He dispelled the impression that the Taliban were seeking dialogue with the US. It was rather the United States which wanted to hold dialogue with the Taliban.

He said keeping in view the importance of the Conference on Afghanistan in London being held today (28 January), it is high time for Pakistan to take major decisions to safeguard its national interests. He said there might be more pressure on Pakistan at the Conference to expand its operation against Taliban.

He lauded the Pak army decision not to open another military front after its operations in Swat and South Waziristan for at least one year.

General Hamid Gul said “It is the strategic position of Pakistan that makes its role in bringing peace in Afghanistan and the region extremely important. Pakistan can and must play a key role” in this regard, he added. .

He said the recent visit to Islamabad of US Defence Secretary Robert Gates was to allay Pakistan’s fears of an attack on Pakistan if Mumbai-like terror attacks again happened in India. Gates, who had hinted at such a possibility while he was in India, took a U-turn and assured Pakistan of no such possibility. It showed the double standards of the US policy and such a statement was meant to appease India.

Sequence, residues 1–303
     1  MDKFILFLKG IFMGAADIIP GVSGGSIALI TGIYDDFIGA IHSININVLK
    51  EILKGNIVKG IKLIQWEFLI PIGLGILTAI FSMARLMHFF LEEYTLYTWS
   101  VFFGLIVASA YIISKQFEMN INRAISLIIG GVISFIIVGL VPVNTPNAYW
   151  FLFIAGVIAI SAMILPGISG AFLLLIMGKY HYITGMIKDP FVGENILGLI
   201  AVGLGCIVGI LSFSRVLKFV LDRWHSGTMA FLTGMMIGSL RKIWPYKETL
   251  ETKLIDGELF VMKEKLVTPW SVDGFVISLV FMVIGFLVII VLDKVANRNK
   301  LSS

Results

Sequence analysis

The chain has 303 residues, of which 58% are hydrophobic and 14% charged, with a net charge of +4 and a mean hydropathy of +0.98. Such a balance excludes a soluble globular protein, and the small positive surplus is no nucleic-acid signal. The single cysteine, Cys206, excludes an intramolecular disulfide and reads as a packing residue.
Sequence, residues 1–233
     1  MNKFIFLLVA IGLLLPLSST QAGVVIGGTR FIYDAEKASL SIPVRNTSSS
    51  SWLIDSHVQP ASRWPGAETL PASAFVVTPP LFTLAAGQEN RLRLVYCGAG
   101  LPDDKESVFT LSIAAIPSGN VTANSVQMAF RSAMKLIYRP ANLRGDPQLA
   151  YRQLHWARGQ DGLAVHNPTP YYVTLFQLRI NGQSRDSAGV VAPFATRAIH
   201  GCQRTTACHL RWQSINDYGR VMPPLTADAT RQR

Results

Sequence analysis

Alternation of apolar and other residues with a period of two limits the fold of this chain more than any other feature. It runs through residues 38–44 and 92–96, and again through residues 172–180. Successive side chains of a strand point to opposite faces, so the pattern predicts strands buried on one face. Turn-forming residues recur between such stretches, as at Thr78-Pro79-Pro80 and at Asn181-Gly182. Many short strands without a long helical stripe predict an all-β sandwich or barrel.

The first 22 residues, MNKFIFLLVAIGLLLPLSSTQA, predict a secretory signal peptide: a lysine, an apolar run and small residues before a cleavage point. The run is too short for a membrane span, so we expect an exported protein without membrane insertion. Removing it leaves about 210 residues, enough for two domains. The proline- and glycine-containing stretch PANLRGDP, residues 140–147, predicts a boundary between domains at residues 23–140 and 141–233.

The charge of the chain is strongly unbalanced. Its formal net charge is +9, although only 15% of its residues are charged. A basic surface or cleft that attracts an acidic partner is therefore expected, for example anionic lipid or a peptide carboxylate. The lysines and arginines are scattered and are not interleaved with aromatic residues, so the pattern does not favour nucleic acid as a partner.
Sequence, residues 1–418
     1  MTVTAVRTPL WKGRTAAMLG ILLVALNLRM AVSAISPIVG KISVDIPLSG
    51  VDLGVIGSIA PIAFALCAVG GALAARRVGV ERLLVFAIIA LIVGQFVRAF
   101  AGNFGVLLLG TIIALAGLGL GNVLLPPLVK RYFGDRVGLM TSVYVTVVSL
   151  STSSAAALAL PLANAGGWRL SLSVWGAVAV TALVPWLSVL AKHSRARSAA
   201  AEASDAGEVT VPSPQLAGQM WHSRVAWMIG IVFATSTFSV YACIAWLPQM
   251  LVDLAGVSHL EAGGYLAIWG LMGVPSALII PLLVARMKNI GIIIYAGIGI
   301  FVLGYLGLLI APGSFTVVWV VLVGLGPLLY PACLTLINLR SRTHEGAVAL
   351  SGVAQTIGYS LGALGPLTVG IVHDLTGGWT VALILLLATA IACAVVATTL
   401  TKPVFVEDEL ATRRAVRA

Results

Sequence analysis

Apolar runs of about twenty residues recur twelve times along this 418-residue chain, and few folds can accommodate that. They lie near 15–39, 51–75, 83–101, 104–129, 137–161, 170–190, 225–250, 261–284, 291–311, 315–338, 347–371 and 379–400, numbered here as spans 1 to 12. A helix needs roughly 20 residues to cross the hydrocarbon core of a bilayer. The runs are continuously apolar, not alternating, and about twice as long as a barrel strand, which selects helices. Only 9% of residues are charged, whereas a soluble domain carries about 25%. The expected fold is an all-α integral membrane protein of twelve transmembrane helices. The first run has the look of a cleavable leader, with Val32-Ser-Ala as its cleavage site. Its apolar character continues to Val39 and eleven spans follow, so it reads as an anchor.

He said the Indian military chief’s threat of simultaneously attacking Pakistan and China reflects was sheer madness on the part of India. “This is not doable, this is sheer madness”, he added.

General Hamid Gul questioned the US policy of promoting India as a counter-weight to China.

The former ISI Chef said India is totally disoriented. India is on the wrong side of history. The ground reality is that despite all the pampering of India by the United States, India’s strategic alliance with the United States has gone into doldrums, as China’s role in the world and regional politics is increasing. Pakistan is regarded as a key player in the region and a nuclear power. As opposed to this, India has become unbalanced and disenchanted. It is almost against the entire Muslim word and has been in collusion with the Israelis to subjugate the Palestinians and harm the Muslim cause the world over.